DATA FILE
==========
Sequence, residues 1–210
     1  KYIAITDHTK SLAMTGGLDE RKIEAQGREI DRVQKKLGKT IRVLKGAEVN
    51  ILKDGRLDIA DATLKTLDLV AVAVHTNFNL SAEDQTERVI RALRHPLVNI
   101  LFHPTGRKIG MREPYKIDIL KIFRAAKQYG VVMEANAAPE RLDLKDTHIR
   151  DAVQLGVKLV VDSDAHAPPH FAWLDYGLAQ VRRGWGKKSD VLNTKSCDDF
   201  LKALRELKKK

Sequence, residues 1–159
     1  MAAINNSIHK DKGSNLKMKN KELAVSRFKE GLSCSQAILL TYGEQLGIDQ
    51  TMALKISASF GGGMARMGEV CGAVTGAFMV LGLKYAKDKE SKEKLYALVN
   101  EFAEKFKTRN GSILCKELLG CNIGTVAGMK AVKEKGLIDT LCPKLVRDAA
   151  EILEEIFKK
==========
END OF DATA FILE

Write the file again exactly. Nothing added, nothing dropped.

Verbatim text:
Sequence, residues 1–210
     1  KYIAITDHTK SLAMTGGLDE RKIEAQGREI DRVQKKLGKT IRVLKGAEVN
    51  ILKDGRLDIA DATLKTLDLV AVAVHTNFNL SAEDQTERVI RALRHPLVNI
   101  LFHPTGRKIG MREPYKIDIL KIFRAAKQYG VVMEANAAPE RLDLKDTHIR
   151  DAVQLGVKLV VDSDAHAPPH FAWLDYGLAQ VRRGWGKKSD VLNTKSCDDF
   201  LKALRELKKK

Sequence, residues 1–159
     1  MAAINNSIHK DKGSNLKMKN KELAVSRFKE GLSCSQAILL TYGEQLGIDQ
    51  TMALKISASF GGGMARMGEV CGAVTGAFMV LGLKYAKDKE SKEKLYALVN
   101  EFAEKFKTRN GSILCKELLG CNIGTVAGMK AVKEKGLIDT LCPKLVRDAA
   151  EILEEIFKK